Unfairness is the essence of the horses for courses notion, that suitability is subjective, and I had a hunch that Ascot, the principal stage for this weekend, was more biased than most tracks when it came to horses giving their running. That's the point I turned to Michael Williamson, Timeform's very own Sheldon Cooper and the man behind such internet hits as Jockey Ratings and Ruby Walsh: A Statistical Analysis, both of which used a sophisticated ratings-related calculation for revolutionary measurements, and both of which had the likers and defenders overwhelming the haters.
Within five minutes, whizz-kid Williamson had come up with a table that he was at pains to stress was a first stab and dangerously unrefined but what mere mortals like me can barely get their tiny head around. And, needless to say, it proved me wrong. As wrong as wrong can be, in fact.
Again, it must be emphasised that the study, at this stage, is not near so polished as the definitive one we hope to wheel out, but it was revealing in that, far from languishing near the bottom, Ascot featured in the top four for hurdles (incidentally behind Musselburgh, Cheltenham and Taunton) and top five for chases (hot on the heels of Lingfield, Sandown, Warwick and smaller-sampled Ffos Las) for jumps courses at which horses have performed to expectation since the year 2000. Equally enlightening is that there seems to be something in the 'Aintree Factor', given it is at the very bottom on both lists.
The relative impartiality of Ascot does suggest that, in the feature Betfair Ascot Chase, it needn't be a hindrance to Cue Card that he hasn't been there before, even up against a couple of nigh-specialists in Finian's Rainbow and Somersby.
Somersby in particular has shone whenever he's come to Ascot, including twice chasing home Master Minded and beating Finian's Rainbow (with Al Ferof third) in last season's Victor Chandler. Finian's Rainbow more than redeemed himself when winning the Champion Chase on his next start, but it's a braver man than me - albeit roughly 94% of the male population - who backs him here after flopping on his reappearance in November, since when he's had a breathing operation. One horse's flop is another horse's gateway, and Captain Chris built on that success (on his only Ascot start so far) to make Long Run run long and hard in the King George, but I've already pencilled in 'possibly not over Kempton exertions' on Saturday's report for Captain Chris, whose record last season suggests a gut-tearing race, as the King George was, might upset him.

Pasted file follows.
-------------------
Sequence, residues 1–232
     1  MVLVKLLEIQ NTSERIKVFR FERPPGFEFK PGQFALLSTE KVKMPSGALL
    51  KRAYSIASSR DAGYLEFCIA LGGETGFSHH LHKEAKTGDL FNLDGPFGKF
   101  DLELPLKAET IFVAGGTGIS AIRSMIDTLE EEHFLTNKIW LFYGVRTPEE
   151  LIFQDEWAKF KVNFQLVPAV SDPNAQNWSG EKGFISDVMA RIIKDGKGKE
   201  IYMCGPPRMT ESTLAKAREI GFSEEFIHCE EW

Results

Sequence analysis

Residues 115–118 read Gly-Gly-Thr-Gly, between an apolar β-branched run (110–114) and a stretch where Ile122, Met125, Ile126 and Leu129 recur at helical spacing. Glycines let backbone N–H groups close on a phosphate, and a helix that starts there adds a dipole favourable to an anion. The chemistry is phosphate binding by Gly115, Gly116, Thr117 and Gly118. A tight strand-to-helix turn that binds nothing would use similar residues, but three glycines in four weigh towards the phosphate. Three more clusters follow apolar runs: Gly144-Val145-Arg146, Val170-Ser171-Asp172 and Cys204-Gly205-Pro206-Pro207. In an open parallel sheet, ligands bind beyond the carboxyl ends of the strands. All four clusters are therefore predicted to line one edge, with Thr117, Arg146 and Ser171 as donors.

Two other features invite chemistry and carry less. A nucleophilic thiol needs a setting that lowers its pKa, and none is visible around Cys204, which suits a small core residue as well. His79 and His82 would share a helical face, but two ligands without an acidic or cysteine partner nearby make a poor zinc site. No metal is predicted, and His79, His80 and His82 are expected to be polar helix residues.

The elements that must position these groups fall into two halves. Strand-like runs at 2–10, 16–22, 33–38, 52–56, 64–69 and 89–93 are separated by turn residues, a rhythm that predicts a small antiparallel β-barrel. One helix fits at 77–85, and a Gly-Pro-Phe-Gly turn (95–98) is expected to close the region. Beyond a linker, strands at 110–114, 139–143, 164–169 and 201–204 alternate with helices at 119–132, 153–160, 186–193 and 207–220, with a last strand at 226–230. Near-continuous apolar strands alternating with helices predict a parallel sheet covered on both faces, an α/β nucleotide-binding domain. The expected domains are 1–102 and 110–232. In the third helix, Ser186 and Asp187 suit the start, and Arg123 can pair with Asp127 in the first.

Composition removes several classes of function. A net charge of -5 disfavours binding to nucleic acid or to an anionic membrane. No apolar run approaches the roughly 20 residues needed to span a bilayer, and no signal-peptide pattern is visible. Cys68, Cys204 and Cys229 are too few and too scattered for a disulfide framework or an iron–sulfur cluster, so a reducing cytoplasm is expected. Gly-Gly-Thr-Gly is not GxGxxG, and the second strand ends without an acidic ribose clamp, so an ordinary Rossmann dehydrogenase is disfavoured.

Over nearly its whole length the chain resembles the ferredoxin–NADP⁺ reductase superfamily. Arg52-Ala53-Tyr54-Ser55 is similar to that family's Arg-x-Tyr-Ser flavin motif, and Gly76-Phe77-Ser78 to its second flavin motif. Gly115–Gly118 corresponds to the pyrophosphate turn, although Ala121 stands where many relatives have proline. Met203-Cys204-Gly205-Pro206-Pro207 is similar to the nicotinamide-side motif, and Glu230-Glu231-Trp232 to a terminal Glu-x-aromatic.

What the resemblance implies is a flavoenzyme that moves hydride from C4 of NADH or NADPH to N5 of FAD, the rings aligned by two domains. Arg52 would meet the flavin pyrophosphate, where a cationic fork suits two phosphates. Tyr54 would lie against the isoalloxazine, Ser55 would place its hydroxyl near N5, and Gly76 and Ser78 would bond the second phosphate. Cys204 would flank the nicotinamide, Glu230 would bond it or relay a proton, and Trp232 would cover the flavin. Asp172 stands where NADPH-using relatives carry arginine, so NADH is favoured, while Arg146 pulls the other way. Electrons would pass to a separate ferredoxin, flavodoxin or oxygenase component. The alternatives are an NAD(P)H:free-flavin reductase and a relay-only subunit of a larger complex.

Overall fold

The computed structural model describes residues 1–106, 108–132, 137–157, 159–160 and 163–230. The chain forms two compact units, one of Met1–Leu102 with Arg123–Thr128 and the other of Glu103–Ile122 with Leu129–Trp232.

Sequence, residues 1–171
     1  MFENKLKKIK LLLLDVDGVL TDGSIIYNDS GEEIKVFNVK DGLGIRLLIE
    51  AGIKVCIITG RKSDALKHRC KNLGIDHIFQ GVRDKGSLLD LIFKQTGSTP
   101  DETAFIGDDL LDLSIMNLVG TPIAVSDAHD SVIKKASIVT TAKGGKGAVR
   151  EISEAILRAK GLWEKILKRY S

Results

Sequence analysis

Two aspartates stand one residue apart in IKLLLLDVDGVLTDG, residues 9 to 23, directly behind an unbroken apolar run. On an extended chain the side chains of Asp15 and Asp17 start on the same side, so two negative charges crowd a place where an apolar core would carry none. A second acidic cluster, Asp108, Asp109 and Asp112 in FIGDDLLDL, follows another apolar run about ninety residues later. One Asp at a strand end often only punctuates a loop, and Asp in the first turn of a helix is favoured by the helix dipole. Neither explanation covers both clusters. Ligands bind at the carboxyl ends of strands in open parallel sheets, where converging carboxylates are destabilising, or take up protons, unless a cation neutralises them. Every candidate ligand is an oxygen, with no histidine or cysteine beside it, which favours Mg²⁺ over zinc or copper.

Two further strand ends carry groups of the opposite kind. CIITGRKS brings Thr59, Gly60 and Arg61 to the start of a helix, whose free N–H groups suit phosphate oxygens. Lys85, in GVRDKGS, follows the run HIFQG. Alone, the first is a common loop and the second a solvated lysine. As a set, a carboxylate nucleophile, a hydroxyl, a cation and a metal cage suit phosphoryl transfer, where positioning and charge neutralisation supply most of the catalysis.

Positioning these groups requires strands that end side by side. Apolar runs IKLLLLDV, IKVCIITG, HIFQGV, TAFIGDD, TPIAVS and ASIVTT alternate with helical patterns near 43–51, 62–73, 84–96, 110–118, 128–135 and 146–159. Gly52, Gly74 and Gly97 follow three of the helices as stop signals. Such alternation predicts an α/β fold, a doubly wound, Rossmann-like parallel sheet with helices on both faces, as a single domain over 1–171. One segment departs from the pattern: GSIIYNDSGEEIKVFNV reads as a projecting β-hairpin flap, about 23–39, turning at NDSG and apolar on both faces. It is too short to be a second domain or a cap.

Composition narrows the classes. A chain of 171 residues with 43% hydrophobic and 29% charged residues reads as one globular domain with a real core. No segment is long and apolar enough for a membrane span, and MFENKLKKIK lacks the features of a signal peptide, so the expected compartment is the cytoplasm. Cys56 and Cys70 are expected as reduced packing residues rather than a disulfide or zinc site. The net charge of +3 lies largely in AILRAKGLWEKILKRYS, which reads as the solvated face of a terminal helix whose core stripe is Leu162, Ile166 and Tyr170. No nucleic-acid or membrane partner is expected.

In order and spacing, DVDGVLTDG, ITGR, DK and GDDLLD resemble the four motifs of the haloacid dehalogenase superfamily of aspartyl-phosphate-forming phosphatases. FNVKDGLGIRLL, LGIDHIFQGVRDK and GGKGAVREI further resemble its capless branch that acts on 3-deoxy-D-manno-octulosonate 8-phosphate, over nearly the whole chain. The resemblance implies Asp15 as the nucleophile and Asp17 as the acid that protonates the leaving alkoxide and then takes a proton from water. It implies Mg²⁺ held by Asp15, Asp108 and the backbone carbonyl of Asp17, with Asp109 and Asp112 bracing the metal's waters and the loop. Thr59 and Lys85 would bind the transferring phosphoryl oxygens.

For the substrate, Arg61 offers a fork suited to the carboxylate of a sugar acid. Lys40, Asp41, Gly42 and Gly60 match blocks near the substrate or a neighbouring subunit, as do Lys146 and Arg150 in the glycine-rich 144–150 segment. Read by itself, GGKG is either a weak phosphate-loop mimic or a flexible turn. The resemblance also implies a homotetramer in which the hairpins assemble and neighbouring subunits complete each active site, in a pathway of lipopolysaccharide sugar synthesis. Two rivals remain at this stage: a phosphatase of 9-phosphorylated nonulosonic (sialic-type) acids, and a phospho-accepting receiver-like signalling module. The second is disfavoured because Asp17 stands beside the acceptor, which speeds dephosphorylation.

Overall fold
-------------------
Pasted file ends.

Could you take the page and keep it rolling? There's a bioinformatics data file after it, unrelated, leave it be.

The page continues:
Cue Card had already run his race by the time guts were really wrenched at Kempton, and my gut feeling is he's as good as he looked at Exeter, and indeed in last year's Arkle, when he was the only horse that day, and possibly any day, to in any way live with Sprinter Sacre. He's never been to Ascot, as we've said, but that might not matter, as we've tried to establish.
Whatever the track, strong form is strong form, and it's coincidental, if a positive coincidence, that the strong piece of form to The Rainbow Hunter's name came at Ascot. That was in a handicap in November, when he beat three horses who've all gone in since, namely Loch Ba, Politeo and Carrickboy, and The Rainbow Hunter is back over the same course and distance in the 14:40. Chepstow in the mud just a fortnight after Ascot was all too much for The Rainbow Hunter next time, but he's been given a break since, and the presence of Jason Maguire, on him for the first time, is another positive.
I'm suggesting that you back The Rainbow Hunter, and praying to see comments underneath this article of 'awesome' from the likers rather than 'you suck' from the haters in the aftermath.